In desperation, I took him to a local costume store, just in time for the crush of Halloween crowds, with the only rule being that he could NOT choose a costume that accessorized itself with a weapon. I'm pretty sure he hated my guts that day. But he ended up choosing a glittery crown (which resembled, no doubt, pirate treasure) and cheesy "velvety" robe and dubbed himself a king. He loved that costume for all of half an hour. We tried to convince him that it was good to be the king, that kings were the bosses of knights, the looters of pirates. He wouldn't buy it. He wanted that sword. He even tried cutting a picture of a dagger out of one of his pirate coloring books and taping it to a pencil. Confiscated. We have a "no weapons" policy in our house, mostly to protect the eyes of Jules's little brother, but one that has eroded enough to allow floppy cardboard cutout swords from time to time.

A few days before Halloween, we lost the royal battle (but not the weapons war, which still rages). Jules announced he would not be a king and instead scrambled upstairs to hi-jack
MY Halloween costume. "I'm going to be a pot-bellied gnome," he decreed. Brilliant, I thought. And so worth giving it up to my pint-sized pal. I'm good at sharing. Sadly, this gnome was anything but jolly. But he warms my heart just the same.

Kasper, in the meantime, spent a total of twenty seconds in his costume, a hand-me-down from his brother that I'd bought in what can only be described as a Halloween-induced moment of shopping insanity. A ridiculous full-body gorilla costume. There's a gorilla-head hat that goes on top, but he ripped it off in a fit of rage before I could snap the photo.

To our great astonishment, Kasper decided that it WAS good to be the king, if only for the fact that he got to carry around a big whackable stick, er... royal scepter. Too bad Jules hadn't thought of
that, eh??

And, quite naturally, I suppose, just minutes before we needed to leave the house on the spooktastic day itself, Jules and Kasper teamed up to perform one last last minute costume switch: presto change-o: superheroes x 2.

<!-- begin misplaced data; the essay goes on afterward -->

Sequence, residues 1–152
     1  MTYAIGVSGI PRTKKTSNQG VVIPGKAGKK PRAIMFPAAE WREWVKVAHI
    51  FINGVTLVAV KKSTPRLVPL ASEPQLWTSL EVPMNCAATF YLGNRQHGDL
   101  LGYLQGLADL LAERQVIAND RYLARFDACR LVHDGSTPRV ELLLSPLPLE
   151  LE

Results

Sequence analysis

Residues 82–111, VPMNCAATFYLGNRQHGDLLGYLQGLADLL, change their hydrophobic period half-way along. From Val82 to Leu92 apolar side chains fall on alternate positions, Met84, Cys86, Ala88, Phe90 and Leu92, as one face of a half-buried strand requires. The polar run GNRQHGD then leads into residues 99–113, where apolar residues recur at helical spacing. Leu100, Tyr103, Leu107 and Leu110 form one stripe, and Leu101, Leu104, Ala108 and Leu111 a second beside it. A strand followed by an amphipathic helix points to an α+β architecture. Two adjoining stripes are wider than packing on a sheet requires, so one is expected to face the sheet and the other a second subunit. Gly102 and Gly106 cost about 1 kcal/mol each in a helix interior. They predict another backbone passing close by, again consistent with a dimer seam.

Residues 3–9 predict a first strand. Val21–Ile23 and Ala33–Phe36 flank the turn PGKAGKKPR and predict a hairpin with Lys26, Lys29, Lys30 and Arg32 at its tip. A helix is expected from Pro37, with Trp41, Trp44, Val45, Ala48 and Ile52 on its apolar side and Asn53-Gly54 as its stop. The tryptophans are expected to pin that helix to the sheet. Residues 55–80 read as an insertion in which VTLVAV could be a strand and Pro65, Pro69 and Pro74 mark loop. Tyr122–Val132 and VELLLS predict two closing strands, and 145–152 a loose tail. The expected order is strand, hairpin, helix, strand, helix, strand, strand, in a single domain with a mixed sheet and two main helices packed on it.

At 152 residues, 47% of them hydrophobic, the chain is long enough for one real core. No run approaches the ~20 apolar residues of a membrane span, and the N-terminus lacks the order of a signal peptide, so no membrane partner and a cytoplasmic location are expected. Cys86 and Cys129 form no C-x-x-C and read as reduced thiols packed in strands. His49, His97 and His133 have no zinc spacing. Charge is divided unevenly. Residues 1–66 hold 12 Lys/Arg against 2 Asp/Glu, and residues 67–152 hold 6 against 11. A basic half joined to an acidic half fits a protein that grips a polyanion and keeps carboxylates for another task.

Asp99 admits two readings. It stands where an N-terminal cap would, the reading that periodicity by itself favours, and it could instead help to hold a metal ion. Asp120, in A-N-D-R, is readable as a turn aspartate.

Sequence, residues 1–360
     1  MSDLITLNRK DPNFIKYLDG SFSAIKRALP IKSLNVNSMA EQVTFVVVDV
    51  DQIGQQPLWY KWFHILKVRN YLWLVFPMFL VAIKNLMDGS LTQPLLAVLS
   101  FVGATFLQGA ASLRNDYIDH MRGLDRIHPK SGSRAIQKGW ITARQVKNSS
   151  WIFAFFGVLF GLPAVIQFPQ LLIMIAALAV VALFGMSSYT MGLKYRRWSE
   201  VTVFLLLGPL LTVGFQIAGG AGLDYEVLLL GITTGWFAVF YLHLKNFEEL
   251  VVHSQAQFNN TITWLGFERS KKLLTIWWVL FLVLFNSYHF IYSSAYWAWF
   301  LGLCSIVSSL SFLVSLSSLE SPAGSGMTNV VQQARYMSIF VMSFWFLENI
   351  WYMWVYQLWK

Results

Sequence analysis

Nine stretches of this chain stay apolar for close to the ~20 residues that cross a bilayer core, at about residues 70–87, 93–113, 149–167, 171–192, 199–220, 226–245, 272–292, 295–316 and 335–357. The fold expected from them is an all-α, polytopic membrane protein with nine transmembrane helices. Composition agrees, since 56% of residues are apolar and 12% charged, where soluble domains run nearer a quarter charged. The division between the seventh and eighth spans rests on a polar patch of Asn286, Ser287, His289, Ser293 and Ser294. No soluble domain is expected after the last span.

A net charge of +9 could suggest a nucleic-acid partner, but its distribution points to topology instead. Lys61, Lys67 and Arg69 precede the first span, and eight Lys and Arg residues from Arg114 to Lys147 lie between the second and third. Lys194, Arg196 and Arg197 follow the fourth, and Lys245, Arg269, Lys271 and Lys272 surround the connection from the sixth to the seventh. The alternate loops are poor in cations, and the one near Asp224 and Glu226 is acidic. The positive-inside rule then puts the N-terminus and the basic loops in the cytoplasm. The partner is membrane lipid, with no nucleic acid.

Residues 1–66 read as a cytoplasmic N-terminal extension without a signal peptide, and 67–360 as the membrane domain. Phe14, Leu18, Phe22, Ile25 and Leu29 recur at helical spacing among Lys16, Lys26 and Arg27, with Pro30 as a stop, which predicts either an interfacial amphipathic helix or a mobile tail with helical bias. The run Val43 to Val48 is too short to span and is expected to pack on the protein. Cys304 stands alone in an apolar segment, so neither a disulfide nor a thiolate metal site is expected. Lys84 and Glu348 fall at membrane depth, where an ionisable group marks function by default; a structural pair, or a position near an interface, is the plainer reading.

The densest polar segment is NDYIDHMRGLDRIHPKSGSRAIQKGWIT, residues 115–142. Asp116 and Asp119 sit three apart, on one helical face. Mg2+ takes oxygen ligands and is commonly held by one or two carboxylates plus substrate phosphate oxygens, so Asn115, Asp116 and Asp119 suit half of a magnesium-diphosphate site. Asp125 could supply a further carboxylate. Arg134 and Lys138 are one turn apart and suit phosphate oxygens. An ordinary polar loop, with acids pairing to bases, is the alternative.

I am slowly, ever so slowly, giving up my attachment to being the kind of mom who spends a month hand-crafting her childrens' costumes, the one garnering the "oooohs" and "aaaaaahs" of all her friends. I love her, that mom, but she most certainly does not have my kids. And my kids? Well, I love them most of all. Which is why next year, I'm thinking of being a bowling ball for Halloween. Maybe then I'll really be able to roll with it.

17 September 2010

hot bread

About three weeks ago, I bought a bread machine.

There, I said it. Now it's out there for everyone to read.

For some reason, I feel shame about this. Maybe it's because of the fact that it was a "one-click" impulse buy on Amazon.com (and now you know that I did not support my local community by shopping local--just more shame heaped on shame in this post). Maybe it's because I feel like delegating my bread baking to some "machine" makes me less of a cook. Maybe it's because our new Breadman Pro takes up two feet of counter space in our already cramped kitchen. Maybe it's an impossibly complicated amalgamation of all of these. It doesn't really matter. What really matters is that I have, in the last three weeks, not purchased a single loaf of squishy sandwich bread from the grocery store. And for that, I am proud.